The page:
Here are the first couple of thoughts that come to mind that I hope will serve to stir you to more and better:
1. One of the great problems that the Old Mobility folk (and if that is not clear may I invite you to check into the Old Mobility section of the New Mobility Advisory/Briefs – you will find it if you click to http://www.oldmobil ity.newmobility. org/ ) have with the challenges of human beings and social complexity, as opposed to the nice smooth world of vehicle throughput and its kissing cousin speed, is that straight lines, heavy loads and higher speeds are not necessarily the best solution to the problems of a complex democratic society.
2. The assumption of the experts and ultimately the politicians and administrators who made up this entire project is that the old US model is what “these people’ need. A quarter of a billion taxpayer dollars (hey, that’s MY money) buying them (whether they want it or not) a ‘high standard’ US road at a million dollars a kilometer (please, try to imagine what could be done with this money if the real problems and priorities had been addressed! But no, let’s start with our solution and who cares about the problem. Eh? Oh how heavy it is the White Man’s Burden. (Did anyone think to explain to them that it’s 2006 and the rules of the game have changed?)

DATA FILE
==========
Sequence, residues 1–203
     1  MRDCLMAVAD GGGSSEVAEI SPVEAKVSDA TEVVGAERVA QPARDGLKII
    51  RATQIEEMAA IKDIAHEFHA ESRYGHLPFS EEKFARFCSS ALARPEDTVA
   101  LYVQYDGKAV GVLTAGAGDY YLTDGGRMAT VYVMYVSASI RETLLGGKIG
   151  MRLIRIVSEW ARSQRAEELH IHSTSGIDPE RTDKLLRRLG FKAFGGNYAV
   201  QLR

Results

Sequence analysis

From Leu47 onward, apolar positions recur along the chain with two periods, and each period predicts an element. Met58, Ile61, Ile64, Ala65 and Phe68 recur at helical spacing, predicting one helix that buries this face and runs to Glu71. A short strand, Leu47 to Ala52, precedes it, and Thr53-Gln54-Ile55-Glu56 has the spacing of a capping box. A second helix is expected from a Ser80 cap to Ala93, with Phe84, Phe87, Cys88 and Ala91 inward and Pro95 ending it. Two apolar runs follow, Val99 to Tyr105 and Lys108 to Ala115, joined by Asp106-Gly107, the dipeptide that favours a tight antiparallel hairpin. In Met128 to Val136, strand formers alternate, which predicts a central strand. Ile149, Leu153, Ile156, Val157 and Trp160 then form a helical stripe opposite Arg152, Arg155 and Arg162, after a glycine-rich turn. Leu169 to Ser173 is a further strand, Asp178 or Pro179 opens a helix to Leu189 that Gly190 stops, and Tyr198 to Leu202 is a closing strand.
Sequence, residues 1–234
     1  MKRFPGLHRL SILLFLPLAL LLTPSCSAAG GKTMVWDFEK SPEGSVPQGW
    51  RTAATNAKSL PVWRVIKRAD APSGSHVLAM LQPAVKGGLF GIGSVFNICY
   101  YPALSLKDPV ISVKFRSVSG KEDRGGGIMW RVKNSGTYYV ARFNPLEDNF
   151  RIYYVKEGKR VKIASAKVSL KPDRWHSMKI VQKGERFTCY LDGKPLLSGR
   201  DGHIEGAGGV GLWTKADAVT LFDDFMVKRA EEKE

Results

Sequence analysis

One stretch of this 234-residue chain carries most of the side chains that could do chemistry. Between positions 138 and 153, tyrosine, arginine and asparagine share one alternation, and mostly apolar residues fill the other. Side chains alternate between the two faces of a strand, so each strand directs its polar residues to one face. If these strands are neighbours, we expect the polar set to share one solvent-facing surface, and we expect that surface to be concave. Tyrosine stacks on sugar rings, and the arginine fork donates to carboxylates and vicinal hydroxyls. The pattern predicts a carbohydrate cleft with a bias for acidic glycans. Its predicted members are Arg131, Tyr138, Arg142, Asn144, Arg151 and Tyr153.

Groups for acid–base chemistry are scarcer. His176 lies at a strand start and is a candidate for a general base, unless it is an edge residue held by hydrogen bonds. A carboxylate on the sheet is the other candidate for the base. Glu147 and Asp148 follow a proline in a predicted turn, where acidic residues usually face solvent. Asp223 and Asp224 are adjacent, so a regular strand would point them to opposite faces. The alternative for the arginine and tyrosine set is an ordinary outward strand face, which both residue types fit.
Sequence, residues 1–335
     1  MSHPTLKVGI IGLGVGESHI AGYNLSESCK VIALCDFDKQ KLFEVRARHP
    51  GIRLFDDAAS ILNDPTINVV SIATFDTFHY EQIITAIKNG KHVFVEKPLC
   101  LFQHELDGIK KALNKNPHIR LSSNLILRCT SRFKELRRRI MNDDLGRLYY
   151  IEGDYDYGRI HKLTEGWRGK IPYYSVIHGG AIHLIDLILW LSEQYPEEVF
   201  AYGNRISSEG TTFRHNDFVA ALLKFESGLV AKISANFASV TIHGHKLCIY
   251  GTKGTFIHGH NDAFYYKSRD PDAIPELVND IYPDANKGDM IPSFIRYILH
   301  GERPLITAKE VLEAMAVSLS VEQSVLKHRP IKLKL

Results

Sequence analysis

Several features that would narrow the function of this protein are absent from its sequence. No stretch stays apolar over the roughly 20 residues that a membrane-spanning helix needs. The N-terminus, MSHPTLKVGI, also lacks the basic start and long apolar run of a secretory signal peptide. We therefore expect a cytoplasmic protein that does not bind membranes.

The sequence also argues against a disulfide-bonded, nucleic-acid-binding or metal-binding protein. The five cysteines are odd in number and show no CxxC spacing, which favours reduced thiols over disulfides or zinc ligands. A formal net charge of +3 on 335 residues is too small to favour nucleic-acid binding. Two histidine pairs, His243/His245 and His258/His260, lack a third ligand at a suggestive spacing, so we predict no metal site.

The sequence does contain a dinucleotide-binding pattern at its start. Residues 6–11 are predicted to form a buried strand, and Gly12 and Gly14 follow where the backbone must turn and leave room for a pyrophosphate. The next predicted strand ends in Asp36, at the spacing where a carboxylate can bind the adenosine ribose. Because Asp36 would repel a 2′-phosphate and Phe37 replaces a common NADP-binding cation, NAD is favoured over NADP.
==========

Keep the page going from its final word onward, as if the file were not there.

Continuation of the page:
3. What strikes me in the first place and above all is that the right road under these circumstances would NEVER go in a straight line. For all kinds of reasons.
n First, it ignores the social and cultural topography, something that is every bit as important in any society as the physical landscape. All those signals that the protesting locals are giving are in fact part of the solution, not part of the problem.
n Second, straight lines inevitably induce speed. So out they go. We need to design roads that will both accommodate basic needs and ensure the well being of all those whom it is intended to serve.